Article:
Land a High-Profile Resume Critique


It's one thing to get your resume critiqued by a family member or friend, or even a career counselor or employer in your chosen field. But what about a high-profile professional in your field who doesn’t know you but is universally respected thanks to his experiences, knowledge and contributions? Can you convince such a person to critique your resume?

You can’t simply show up on your dream critiquer’s figurative doorstep, resume in hand. You need to build a relationship with him over time. Here are a few strategies for doing just that.


Do you and the person you’re courting both participate in any Internet discussion forums or listservs focused on your industry? Or does your dream critiquer write or contribute to a blog that lets readers comment?

The Internet has revolutionized and globalized the notion of community. You and your dream critiquer might be fellow members of an Internet community. If that’s the case, reach out to your dream critiquer directly, first to comment on one of his writings and then to ask him a few questions to show your genuine interest in his work and ideas. If a discussion ensues, you just might be able to seek out a resume critique later on.


Perhaps you and your dream critiquer are members of the same professional organization, either at the national, state or better yet, local level. Is he a leader within this group? If so, consider becoming a leader yourself or joining a committee through which you’ll have the chance to actually meet and get to know your dream critiquer.

For example, if you and he were both on the committee that plans the group’s annual professional development event, suddenly the two of you would no longer be strangers but instead colleagues.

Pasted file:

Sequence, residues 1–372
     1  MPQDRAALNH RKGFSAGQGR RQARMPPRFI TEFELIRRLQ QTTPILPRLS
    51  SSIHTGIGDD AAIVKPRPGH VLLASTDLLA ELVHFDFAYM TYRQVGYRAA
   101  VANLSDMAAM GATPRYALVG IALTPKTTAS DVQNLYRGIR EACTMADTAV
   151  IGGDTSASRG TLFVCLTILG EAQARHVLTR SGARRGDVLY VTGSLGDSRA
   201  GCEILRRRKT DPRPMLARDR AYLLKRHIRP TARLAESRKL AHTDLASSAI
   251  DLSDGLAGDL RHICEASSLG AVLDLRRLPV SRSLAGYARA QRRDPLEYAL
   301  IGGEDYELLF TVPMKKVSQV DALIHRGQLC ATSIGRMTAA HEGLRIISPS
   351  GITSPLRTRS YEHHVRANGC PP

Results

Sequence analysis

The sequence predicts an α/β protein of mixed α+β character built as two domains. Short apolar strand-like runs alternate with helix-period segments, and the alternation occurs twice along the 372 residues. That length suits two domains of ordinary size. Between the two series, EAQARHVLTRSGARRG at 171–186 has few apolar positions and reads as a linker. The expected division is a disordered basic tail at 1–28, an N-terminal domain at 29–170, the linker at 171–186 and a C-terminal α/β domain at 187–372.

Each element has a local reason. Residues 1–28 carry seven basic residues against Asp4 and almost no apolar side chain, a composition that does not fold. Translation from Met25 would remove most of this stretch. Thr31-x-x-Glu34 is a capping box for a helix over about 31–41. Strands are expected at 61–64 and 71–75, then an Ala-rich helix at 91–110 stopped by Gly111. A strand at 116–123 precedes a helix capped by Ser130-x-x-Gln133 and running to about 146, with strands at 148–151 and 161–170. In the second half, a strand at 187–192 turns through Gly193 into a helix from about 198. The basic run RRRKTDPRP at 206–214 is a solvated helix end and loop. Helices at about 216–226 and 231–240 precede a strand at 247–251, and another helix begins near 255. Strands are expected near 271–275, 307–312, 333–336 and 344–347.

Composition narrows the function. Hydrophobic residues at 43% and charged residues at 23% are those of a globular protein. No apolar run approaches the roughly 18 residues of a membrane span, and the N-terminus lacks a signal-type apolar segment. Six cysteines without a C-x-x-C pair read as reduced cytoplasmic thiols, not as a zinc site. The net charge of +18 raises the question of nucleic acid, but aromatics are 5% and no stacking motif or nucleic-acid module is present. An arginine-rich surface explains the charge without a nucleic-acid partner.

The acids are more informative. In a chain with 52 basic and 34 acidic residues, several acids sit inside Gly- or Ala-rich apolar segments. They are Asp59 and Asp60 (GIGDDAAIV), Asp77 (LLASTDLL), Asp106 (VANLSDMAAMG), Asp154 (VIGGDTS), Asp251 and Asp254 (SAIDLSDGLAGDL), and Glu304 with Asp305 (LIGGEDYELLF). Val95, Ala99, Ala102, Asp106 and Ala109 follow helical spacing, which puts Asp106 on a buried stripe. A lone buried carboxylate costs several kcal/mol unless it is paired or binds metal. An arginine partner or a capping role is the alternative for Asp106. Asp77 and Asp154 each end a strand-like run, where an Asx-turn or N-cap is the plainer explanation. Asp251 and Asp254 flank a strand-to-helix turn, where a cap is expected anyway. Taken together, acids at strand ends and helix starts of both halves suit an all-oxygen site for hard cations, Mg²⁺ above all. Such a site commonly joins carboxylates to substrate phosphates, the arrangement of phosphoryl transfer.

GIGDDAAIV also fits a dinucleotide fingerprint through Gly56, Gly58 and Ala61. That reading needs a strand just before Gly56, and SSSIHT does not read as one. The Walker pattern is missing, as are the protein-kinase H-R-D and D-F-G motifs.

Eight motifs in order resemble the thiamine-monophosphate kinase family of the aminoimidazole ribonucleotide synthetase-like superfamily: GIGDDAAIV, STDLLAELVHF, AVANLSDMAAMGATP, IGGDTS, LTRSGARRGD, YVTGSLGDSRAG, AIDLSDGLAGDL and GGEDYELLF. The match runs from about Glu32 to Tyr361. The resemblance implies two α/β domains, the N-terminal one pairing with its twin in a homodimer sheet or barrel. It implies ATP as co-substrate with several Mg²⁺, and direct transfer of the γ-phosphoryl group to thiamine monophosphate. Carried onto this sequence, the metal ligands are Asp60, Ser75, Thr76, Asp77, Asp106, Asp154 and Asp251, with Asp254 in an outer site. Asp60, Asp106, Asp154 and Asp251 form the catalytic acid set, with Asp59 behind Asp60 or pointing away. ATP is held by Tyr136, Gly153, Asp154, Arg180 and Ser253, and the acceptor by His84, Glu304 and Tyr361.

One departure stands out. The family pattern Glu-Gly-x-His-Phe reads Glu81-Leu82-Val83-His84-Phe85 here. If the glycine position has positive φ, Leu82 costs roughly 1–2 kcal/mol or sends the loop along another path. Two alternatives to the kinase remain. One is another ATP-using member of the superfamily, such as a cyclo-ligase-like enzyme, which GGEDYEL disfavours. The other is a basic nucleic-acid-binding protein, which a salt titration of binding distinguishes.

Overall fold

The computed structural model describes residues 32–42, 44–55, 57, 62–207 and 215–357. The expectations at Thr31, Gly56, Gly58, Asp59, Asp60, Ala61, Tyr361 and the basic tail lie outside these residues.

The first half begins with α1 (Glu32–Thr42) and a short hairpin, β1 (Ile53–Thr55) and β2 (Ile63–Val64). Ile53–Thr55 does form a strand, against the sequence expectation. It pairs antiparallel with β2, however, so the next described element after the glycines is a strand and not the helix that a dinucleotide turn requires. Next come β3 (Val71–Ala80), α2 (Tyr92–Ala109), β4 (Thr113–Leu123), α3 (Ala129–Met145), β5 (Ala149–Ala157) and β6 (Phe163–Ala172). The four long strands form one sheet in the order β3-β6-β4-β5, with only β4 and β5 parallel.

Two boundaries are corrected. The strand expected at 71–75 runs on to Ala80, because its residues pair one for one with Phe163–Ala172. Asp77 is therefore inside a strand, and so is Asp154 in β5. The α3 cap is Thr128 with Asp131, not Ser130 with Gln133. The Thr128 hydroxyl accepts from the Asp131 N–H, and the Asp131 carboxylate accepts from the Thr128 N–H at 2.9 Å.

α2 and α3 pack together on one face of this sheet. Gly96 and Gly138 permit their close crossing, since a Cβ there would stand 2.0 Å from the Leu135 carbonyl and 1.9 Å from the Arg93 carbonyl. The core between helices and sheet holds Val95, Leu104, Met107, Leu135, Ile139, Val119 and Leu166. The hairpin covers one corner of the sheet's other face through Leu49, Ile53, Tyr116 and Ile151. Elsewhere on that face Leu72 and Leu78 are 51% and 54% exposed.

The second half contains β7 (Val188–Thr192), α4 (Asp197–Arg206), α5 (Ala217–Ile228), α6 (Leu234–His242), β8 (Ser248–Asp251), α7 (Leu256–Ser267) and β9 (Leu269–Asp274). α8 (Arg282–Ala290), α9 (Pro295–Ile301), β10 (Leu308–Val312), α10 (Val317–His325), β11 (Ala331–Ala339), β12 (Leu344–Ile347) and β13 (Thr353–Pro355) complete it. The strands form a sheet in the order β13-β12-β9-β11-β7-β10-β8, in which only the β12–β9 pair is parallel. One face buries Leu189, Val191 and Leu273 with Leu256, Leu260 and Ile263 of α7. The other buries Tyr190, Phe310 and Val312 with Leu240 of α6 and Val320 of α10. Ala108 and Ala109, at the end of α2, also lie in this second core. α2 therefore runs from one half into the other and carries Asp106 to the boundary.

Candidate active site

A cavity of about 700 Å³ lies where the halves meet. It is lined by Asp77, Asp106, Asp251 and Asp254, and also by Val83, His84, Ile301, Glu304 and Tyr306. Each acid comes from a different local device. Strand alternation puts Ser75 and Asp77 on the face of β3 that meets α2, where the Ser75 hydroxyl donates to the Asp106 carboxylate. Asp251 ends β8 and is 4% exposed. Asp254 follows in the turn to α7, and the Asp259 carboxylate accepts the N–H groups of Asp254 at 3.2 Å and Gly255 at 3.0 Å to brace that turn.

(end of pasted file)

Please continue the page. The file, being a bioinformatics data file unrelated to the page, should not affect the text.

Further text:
Was your dream critiquer just written about in a publication of some kind? If so, you have the opportunity to not only congratulate him on the piece but to also start building a professional relationship with him by asking a question or two. For example, you could send him a quick email saying:

I just finished reading the article for which you were interviewed. Congratulations! I was just wondering about something you said in the article: Do you think… Commonality Think of all the potential ways you can be connected with someone. Is it possible that you and your dream critiquer:

  • Attended the same college, university or school?
  • Belong to the same social organization?
  • Have friends or associates in common?
  • Served in the same branch of the military?
  • Attend the same religious institution?
  • Work out at the same gym?
  • Are involved in the same or similar political activities?
If you can come up with something you and your dream critiquer have in common, you can use it to start a conversation.

None of these strategies is a sure thing, of course, especially if your dream critiquer is among the super-famous (or the certainly busy and in-demand). But if you’re willing to invest time, energy and perhaps even money in developing some sort of professional association with your dream critiquer, you just might motivate him to evaluate your resume -- eventually.

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